When you spend a lot of time in an RV on the road, visiting different places, staying in various campgrounds, parks, and RV resorts, you realize what your expectations can be, based on the name of a place.
A campground, for example, traditionally includes places for tents, which means a bathroom facility that also includes showers (unless the campground is considered “rustic,” in which case, you can expect no such facilities to be on the grounds). At the other end of the scale, a resort is usually a meticulously landscaped property that often includes a pool, spa, and other amenities — horseback riding, or a clubhouse with activities and game room. We’ve stayed at resorts that only allowed certain types of RVs (yes, it’s permitted by law), and cost more than a room at a bed and breakfast.
This is important background for the point I’m going to make. Stay with me here.
We’ve stayed at a couple of places that were advertised as “resorts” and ended up being — on the high end — family campgrounds with a dilapidated miniature golf course and a campfire ring as the “resort amenities.” At another “resort,” the pool turned out to be above-ground, the horesback riding option cost more than a night’s stay, the “lodge” was being used as a private residence…
We don’t mind rustic as long as the facilities are usable and the power is reliable (faulty power feeds can destroy the electrical circuitry in an RV… an expensive repair), so we considered the experience an adventure and spent our spare time watching frustrated RVers pull in only to leave again. Yesterday we watched a man who’d come with two kids photograph the broken swingset, unsafe picnic tables, and “Out of Order” sign on the ladies bathhouse door. No doubt he’d thought the kids would be entertained with the hiking (we’ve yet to find the trail), volleyball (or a net), cookouts (don’t see a grill anywhere)… Today they’re gone.
So the first message in all of this is:
- Advertise accurately. Don’t advertise something you’ve stopped doing or plan to do. Promote only the things your members can expect from you on a regular basis.
- Think about your name. What expectations are you setting for potential members? If call yourself a “resort,” people will expect certain things from you and they’ll leave, dissatisfied, if you don’t. What do your new members expect from you? Are you delivering on your promises?
- Don’t make excuses. When somebody says, “You call this a resort?!?” don’t say, “Well… eventually we’ll have cookouts… and hiking… and a spa… and an in-ground pool… it takes awhile to get there.” Nobody wants to hear their timing is bad and they’re missing the good stuff. Don’t say, “We just took over and the place was such a wreck it’s going to take awhile to get it into shape.” Nobody wants your whining. They just want what you promised them and they’re understandably upset when you can’t deliver it.
- Accentuate the positive, as an old lyric goes. If the place is rustic and out of the way, say so. People who like “rustic” will stay and say nice things about the place, instead of leaving frustrated, angry, and feeling they’ve been had.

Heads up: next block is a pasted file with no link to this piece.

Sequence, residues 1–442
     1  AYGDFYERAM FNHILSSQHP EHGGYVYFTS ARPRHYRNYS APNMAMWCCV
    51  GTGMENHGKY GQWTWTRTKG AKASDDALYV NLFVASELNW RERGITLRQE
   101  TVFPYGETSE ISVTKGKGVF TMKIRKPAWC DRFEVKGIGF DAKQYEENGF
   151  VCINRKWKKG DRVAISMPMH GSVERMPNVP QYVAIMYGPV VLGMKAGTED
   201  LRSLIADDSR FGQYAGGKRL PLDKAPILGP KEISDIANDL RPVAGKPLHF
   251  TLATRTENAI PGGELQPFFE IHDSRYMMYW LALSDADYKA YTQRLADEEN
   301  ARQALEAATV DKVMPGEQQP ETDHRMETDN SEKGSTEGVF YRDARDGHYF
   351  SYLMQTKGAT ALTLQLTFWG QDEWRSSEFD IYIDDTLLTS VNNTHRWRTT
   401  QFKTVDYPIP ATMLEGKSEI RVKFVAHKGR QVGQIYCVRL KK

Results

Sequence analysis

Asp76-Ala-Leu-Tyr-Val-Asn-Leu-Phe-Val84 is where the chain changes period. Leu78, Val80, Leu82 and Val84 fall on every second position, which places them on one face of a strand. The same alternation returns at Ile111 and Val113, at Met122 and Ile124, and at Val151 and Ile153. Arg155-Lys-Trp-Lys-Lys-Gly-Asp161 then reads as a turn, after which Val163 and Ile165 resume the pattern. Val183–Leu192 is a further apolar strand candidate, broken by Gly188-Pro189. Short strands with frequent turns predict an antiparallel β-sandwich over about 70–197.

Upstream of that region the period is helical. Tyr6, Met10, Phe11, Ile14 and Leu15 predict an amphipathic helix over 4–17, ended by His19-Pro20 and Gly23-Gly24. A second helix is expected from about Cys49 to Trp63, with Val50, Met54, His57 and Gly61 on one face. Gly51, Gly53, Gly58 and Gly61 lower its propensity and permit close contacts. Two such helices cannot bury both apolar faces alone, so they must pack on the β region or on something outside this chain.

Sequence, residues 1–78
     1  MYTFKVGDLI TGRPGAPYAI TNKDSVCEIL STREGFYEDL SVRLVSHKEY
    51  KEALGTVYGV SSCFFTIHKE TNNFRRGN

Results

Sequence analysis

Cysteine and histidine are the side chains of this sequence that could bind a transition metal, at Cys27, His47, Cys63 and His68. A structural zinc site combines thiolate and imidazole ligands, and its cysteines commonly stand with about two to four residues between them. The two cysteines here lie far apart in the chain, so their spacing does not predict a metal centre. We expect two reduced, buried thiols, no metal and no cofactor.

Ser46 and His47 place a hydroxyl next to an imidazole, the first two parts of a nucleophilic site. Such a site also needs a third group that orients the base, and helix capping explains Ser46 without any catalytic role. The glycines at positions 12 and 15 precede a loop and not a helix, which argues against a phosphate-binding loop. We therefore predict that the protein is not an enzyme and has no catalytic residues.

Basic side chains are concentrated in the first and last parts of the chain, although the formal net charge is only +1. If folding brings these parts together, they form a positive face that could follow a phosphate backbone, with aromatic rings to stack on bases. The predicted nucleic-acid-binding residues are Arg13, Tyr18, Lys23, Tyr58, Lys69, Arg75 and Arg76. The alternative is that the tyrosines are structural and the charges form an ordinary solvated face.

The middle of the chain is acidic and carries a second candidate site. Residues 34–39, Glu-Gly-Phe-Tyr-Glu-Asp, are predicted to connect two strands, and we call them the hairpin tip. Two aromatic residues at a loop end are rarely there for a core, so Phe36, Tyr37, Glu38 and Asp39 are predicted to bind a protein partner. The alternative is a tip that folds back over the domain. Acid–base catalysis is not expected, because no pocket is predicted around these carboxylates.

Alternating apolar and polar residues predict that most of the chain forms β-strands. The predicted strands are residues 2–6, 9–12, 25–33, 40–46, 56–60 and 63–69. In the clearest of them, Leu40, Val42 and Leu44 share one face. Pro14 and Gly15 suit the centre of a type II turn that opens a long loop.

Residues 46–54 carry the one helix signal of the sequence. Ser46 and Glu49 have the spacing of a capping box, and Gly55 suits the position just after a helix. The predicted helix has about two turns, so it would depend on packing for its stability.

Which leads me to the next part of this analogy. Out of curiosity, my husband looked up this particular “resort” on the Web to see what others had to say about it, and post our experiences. We weren’t surprised to read a list of complaints by those who’d come expecting one type of experience but left upset. We posted a cautionary but accurate review: yes, the property has its issues, but we like that it’s quiet and off the beaten path; those looking for a “resort” experience ought to look someplace else.
The RV world has many forums and bloggers. RVers are an honest lot, and they like to share their stories. When RVers meet, they swap suggestions about attractions, restaurants, and places to stay. Word of mouth — especially via the Internet — is loud and long.
So — here’s the real question: if there were an online forum for reviewing associations, societies, institutes, councils, and other non-profits, what would former and current members be posting about you?!?
- Does your membership brochure match what they’ll actually get? Or are you setting expectations you can’t meet?
- Are your dues and fees fair? Or are you leaving members wishing they’d saved their money for something else?
- If they could post a comment on a forum about the associations they’ve been members of, what would they say about yours? Would they recommend others join? Or would they warn other people against joining? Why?
All of this could be true about any aspect of your organization: what would they say about volunteering? Membership benefits? Educational experiences?
- “I spent three hours a day of my own time on Project X for this association and then they completely ignored our group’s findings and recommendations… that’s the last time I do that!!”
- “For $200 a year I get a magazine. Everything else is geared to attending face-to-face sessions I can’t afford to attend. This is my last year as a member. I can get a magazine for a lot less money.”
- “They have some of the best educational sessions I’ve ever attended. If you haven’t been to one, go! They’re a little pricey, but you’ll get a lot out of them.”
There might not be an “associations forum” where people post their reviews of their membership experiences the way they do RV campgrounds, parks, and resorts, but they are sharing their experiences.
What are they saying? And what can you do about it?